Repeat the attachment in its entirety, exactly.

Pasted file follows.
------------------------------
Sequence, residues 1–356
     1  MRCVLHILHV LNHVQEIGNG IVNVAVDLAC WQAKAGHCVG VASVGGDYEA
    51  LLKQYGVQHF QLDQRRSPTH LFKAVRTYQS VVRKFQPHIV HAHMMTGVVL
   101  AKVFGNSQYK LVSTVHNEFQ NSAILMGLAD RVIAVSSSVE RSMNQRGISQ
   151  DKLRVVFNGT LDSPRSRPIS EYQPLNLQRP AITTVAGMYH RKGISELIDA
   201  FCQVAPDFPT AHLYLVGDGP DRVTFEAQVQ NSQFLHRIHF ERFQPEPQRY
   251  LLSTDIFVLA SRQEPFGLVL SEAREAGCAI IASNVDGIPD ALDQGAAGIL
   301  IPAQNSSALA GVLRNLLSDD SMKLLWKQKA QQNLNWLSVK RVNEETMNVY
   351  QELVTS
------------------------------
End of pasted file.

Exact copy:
Sequence, residues 1–356
     1  MRCVLHILHV LNHVQEIGNG IVNVAVDLAC WQAKAGHCVG VASVGGDYEA
    51  LLKQYGVQHF QLDQRRSPTH LFKAVRTYQS VVRKFQPHIV HAHMMTGVVL
   101  AKVFGNSQYK LVSTVHNEFQ NSAILMGLAD RVIAVSSSVE RSMNQRGISQ
   151  DKLRVVFNGT LDSPRSRPIS EYQPLNLQRP AITTVAGMYH RKGISELIDA
   201  FCQVAPDFPT AHLYLVGDGP DRVTFEAQVQ NSQFLHRIHF ERFQPEPQRY
   251  LLSTDIFVLA SRQEPFGLVL SEAREAGCAI IASNVDGIPD ALDQGAAGIL
   301  IPAQNSSALA GVLRNLLSDD SMKLLWKQKA QQNLNWLSVK RVNEETMNVY
   351  QELVTS